In 2011, the word “startup” wasn’t well-known in Latin America, and only a few people who worked within startups were known as entrepreneurs. In that year, the amount of money raised by these types of companies was less than $100 million, and there was only one unicorn in Latin America: Mercadolibre.
Today, LatAm’s startup ecosystem has shifted dramatically. The term entrepreneur is incredibly popular, even aspirational, and most countries within the region have come to understand the importance that startups have in their social and economic development. The region now boasts more than 42 unicorns that, along with hundreds of smaller startups, attracted upwards of $15.7 billion in investment in 2021, 100 times greater than the amount raised just 10 years prior, without signs of decreasing in the interim. LatAm is living an extraordinary panorama for its startup ecosystem.
One organization in particular has not only lived to witness this evolution, but has been a fundamental player of it: Wayra, Telefónica’s open innovation arm, which recently celebrated its 10-year anniversary of developing and investing in Hispanic founders and startups.
The Org spoke with Agustin Rotondo, Regional Manager at Wayra Hispam, about his career and the role Wayra has played in the region.
Rotondo is an early Millennial, and despite a generational tenure trend of Millennial employees spending no more than an average of 2.9 years in a company, he has worked at Telefónica since he graduated from college in 2008. “Telefónica is my home. Most of what I am today as a professional is thanks to the organization and the people I have worked with,” Rotondo told The Org.
Since Rotondo started at Telefónica, he always had clarity on two things: his fascination for startups that are disrupting the status quo, and his desire to be part of Wayra, to work directly with the startups he was so intrigued by.
“I remember when Wayra’s Country Manager position opened up. Those who were in charge of the process wanted to bring in an outside person. I sent emails to all the people who had some kind of decision-making authority on the role and after much insistence, I was able to enter the process. Now you know how the story ends,” Rotondo recalled.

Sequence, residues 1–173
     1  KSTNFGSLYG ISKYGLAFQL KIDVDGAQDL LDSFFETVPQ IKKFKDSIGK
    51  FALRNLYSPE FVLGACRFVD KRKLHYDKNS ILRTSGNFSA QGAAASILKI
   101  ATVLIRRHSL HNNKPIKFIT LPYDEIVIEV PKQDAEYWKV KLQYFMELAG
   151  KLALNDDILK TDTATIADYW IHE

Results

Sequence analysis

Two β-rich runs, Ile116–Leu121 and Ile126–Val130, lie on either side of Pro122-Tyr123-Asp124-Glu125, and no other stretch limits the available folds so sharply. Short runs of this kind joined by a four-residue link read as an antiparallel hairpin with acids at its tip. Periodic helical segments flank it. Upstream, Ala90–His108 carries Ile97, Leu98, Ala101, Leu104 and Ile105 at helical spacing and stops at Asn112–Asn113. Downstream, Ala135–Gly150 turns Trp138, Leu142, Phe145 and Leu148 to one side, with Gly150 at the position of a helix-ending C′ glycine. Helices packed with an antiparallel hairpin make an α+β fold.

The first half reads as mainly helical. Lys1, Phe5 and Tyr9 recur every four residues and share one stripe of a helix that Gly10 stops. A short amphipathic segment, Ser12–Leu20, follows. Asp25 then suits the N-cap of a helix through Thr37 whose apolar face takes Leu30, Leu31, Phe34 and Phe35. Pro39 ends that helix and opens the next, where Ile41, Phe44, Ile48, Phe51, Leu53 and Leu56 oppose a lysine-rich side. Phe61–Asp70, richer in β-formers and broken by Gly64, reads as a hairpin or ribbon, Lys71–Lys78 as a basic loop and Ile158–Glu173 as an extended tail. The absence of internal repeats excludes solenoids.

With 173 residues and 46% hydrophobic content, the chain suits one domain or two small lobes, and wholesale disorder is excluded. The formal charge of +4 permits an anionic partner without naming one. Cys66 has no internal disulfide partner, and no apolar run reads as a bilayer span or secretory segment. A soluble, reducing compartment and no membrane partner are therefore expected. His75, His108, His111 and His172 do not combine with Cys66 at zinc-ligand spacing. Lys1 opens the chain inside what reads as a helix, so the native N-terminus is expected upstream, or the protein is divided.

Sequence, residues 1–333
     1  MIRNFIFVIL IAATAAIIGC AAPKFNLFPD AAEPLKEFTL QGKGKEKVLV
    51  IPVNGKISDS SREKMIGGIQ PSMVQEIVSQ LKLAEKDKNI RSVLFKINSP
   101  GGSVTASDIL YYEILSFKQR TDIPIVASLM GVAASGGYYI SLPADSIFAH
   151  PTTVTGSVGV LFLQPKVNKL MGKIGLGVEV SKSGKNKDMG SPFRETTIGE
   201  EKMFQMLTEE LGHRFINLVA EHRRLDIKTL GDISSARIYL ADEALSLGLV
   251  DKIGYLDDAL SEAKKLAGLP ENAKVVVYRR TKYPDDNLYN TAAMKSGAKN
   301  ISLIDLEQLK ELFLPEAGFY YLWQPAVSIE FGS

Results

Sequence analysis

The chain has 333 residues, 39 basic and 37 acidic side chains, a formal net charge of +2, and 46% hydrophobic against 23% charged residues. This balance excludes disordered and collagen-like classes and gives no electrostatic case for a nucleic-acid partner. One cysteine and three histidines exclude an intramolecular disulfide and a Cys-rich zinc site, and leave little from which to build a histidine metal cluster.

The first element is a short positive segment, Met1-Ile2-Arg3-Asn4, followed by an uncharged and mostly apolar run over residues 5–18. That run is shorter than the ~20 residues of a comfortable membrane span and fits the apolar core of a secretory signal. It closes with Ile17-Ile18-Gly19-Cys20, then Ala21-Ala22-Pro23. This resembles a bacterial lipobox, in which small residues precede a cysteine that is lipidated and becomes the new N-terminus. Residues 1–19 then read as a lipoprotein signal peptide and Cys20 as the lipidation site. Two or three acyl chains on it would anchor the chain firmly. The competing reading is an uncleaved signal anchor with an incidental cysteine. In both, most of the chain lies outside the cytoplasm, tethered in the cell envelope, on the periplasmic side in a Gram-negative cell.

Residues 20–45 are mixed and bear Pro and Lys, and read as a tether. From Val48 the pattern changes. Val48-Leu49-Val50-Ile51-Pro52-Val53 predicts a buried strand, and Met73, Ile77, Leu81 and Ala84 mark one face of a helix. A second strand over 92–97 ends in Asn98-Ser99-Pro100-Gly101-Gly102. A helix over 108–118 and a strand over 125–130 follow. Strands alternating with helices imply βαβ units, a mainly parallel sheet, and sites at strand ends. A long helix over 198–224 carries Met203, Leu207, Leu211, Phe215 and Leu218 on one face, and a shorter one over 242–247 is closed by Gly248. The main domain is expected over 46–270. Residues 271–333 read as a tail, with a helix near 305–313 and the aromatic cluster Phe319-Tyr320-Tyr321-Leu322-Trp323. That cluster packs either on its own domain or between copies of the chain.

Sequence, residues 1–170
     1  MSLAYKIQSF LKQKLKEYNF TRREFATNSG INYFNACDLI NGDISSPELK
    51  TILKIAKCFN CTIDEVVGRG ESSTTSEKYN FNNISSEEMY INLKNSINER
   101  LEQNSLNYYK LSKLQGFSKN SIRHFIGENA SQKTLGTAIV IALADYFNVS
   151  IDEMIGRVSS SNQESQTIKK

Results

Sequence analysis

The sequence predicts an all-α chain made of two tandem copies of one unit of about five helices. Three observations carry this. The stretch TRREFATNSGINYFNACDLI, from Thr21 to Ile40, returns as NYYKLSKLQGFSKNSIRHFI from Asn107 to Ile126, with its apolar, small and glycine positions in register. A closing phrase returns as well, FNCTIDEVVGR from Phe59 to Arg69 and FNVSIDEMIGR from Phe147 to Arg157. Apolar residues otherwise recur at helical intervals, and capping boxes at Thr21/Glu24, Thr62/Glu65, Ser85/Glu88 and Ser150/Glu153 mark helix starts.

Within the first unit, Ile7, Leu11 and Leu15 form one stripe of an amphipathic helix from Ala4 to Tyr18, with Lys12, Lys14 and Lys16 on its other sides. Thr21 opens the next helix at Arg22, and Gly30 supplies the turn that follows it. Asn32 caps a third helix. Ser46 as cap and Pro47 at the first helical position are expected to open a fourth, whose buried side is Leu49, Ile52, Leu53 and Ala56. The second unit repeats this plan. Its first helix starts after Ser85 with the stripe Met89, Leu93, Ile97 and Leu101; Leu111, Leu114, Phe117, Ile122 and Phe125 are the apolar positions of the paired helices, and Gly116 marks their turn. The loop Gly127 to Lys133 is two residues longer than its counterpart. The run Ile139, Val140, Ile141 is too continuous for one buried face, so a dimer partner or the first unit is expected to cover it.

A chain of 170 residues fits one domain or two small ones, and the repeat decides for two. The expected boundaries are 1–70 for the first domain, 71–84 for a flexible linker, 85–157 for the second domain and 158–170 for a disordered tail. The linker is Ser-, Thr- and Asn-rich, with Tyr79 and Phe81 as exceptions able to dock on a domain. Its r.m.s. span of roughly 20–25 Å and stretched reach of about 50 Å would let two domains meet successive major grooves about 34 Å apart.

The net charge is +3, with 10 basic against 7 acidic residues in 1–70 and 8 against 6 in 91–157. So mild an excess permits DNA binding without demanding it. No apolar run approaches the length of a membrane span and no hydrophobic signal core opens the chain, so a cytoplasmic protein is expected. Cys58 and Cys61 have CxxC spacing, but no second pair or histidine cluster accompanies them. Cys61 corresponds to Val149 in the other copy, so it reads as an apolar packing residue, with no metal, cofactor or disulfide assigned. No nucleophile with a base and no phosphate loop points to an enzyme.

His determination took him to lead Wayra Argentina’s operation in 2018, which ultimately took him to lead the whole LatAm operation, from Monterrey to Buenos Aires, in 2020.
Wayra was founded in 2011 as an open innovation project to boost innovation inside Telefónica by working with the best global external talent. “The company understood that it was not enough to innovate internally, but that it was crucial to partner with startups and those who were accelerating innovation in their industries and markets. That’s how Wayra began,” Rotondo said.
According to Rotondo, by that time the organization couldn’t understand the potential that the project had. It was an experiment to see if they could close gaps or accelerate processes in terms of innovation and service development.
Wayra started as an early-stage startup accelerator that consisted of a 12-week mentoring program and the opportunity for startups to secure an investment of up to $50,000. By that time, as Rotondo described it, “it was a ‘spray and pray’ approach in which the selection thesis was practically open to anyone doing something interesting.”
“We were pioneers, especially in building a relationship between corporations and startups in Latin America. When we started, practically no company had an open innovation or corporate investment strategy. This is still a reality in the region where not even 15% of companies have any type of Corporate Venture initiative,” Rotondo said.